Machine learning is changing the way film and TV content is reviewed
The pandemic has changed the face of the film and television industry, and those belonging to the old school do not approve of it. Martin Scorsese, a much respected film person, has pointed to the greater role of the machine in determining choices that a viewer is supposed to make.
In other words, the way the popularity of a programme is determined is changing. This has been particularly poignant where choices about streaming seasons and television serials respond to the rating game and change their direction, content and characters accordingly. At the back of every director/writer’s mind is the response of the audience and the sensitivity to it influences the way it progresses. The team, thus, is not totally free of the influence while the programme is being shot, made or produced.
Martin Scorsese fears that machine-learning simplifies the user’s experience. Algorithms, he says, are reducing everything to “subject matter or genre”, rendering any kind of curation and understanding of artistic worth meaningless. There are exceptions, he says, such as the Criterion Channel and other outlets that are “actually curated”.
Content, he says in his essay, is now “a business term for all moving images: a David Lean movie, a cat video, a Super Bowl commercial, a superhero sequel, a series episode”.
Now the rating, which was always a benchmark in the making of films, is shifting to another level. The commercial cinema - for all cinema is commercial not in the derogatory sense but in the sense that it has to sell to be affordable - is dovetailed to the response that it receives. The marketability of the product is always an unseen variable that haunts producers/ directors, if they happen to want to make films that do not have a ready receptivity among the cine audience.
It appears that the critical edge is now provided by the machine taking over more firmly and decisively than before. The human element appears to be on the decline as the computer takes charge. The destiny is in the hand of the cold logical calculations of artificial intelligence. The algorithms are taking over our world at a rate that is faster than we can comprehend. According to Scorsese the AI is holding our hand and taking us on a path that it has chosen for us in the name of our preferences and liking.
Scorsese may also be baffled because there existed in the past a distinction between the big and small screen. Films were made for the big screens installed in cinema houses where audience stepped out of their houses to join in after paying at the box office. However, the television has been chipping away at the difference. The two are seen by the younger generation as interchangeable. Ever since the pandemic, films are being viewed on the screens at home and these have been streamed through the various services that have been monopolising the online time.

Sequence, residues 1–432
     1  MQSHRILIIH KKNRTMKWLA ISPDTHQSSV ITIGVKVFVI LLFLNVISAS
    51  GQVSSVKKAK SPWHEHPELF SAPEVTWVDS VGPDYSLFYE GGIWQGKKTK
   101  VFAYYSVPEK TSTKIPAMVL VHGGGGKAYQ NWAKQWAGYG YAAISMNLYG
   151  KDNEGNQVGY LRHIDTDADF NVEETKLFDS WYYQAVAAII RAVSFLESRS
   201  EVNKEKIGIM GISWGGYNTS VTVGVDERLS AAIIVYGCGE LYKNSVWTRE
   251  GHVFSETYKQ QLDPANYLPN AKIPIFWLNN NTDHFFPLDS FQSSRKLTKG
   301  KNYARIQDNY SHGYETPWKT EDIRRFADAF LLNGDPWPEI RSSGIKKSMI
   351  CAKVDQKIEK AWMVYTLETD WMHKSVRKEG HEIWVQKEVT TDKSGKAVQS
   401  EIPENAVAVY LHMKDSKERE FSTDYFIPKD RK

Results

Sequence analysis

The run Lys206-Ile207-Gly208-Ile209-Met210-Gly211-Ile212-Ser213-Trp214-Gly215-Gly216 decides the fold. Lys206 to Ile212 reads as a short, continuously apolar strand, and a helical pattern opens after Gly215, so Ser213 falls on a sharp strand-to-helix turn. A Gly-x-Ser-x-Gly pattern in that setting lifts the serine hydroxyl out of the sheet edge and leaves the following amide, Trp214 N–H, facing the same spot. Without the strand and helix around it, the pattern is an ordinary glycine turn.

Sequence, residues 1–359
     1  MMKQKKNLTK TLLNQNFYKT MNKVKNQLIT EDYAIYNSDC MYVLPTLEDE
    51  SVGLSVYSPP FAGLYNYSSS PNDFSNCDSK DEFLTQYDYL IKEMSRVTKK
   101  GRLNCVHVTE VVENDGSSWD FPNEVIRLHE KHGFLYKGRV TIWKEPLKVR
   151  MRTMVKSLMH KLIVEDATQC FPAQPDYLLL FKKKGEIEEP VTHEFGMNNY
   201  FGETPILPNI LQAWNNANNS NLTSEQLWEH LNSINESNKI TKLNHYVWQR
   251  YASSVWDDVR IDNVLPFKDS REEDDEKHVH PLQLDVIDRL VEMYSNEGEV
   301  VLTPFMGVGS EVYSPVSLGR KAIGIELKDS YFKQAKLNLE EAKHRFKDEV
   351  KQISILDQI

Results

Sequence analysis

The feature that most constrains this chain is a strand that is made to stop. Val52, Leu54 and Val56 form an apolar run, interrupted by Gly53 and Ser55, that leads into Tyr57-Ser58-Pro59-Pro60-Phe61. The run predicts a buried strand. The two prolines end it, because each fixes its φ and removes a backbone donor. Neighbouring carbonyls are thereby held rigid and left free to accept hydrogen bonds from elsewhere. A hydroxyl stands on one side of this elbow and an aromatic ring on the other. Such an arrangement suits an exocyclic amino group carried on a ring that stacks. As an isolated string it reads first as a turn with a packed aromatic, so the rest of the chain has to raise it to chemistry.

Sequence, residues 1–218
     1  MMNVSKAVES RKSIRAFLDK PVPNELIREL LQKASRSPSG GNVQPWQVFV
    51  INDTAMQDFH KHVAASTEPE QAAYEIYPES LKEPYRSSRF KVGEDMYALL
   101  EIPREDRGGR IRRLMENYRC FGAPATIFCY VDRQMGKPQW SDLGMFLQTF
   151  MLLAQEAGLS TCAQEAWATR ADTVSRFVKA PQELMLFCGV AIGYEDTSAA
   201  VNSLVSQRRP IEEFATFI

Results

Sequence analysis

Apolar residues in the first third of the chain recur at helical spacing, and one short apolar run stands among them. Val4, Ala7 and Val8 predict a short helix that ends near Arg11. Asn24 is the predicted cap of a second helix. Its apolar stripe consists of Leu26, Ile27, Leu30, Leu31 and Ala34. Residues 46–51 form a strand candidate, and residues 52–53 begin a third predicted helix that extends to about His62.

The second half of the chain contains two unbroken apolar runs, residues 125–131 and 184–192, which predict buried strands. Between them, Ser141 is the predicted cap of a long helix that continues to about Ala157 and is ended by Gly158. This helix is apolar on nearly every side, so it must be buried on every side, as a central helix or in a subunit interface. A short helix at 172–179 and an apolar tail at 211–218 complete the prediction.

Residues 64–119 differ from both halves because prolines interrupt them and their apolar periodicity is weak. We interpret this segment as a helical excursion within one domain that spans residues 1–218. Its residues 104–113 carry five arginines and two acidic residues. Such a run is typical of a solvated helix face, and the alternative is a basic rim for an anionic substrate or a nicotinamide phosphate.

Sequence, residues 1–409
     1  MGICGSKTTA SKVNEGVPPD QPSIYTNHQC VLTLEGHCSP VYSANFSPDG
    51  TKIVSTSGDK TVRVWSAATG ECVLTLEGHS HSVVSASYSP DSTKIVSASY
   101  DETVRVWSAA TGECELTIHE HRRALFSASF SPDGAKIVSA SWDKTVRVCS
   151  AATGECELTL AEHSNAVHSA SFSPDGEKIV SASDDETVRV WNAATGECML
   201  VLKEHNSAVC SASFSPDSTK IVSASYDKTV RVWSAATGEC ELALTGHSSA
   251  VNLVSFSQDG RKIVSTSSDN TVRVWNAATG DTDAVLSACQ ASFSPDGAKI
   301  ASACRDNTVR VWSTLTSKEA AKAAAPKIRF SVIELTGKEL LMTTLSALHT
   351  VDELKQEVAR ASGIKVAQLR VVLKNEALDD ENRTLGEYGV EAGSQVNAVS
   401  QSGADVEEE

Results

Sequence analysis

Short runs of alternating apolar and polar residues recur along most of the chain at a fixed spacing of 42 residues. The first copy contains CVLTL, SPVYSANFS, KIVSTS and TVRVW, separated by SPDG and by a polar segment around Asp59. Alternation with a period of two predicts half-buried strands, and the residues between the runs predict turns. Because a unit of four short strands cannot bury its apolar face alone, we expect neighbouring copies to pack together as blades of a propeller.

A few months ago, Scorsese had expressed his views about Marvel films. These represent larger-than-life figures, great heroic presences that totally dominate action and see the ultimate resolution in black-and-white terms. These films, he said, did not account for the great complexity that lies embedded in the human character and situation. It was an attempt to simply things and present a world that had no serious issues and problems. It was big enough to sweep everything under the carpet placing the humans fully in control. These spectacles were visually very opulent and the use of technology exaggerated the element of the marvel, but did little to understand the multilayered nature of existence and how to cope with it.
It is apparent that the famed director sees more significance in the art of the moving image than mere spectacle and an escape in the narrow sense. For him, cinema is meant for greater things and reducing it to a programme on the media does not meet his approval.
For him, cinema as is, as indeed all art is, not meant to follow a popular taste, but should be bold enough to challenge and question it. It should not abandon and forego the truth which is the director’s or the team’s prerogative to spell out.
Martin Scorsese’s views should be taken seriously for his films have won an Academy Award, a Golden Plate Award of the American Academy of Achievement; and the AFI Life Achievement Award. The American Film Institute has placed three Scorsese films on their list of the greatest American movies: Raging Bull, Taxi Driver and Goodfellas. At a ceremony in Paris, he was awarded the French Legion of Honour in recognition of his contribution to cinema. He was listed in 2007, among Time magazine’s 100 Most Influential People in The World. In August 2007, Scorsese was named the second-greatest director of all time in a poll by Total Film magazine, in front of Steven Spielberg and behind Alfred Hitchcock. In 2007, Scorsese was honoured by the National Italian American Foundation (NIAF) at the non-profit’s thirty-second Anniversary Gala. Scorsese has been the recipient of the BAFTA Academy Fellowship Award as well.
The writer is a culture critic based in Lahore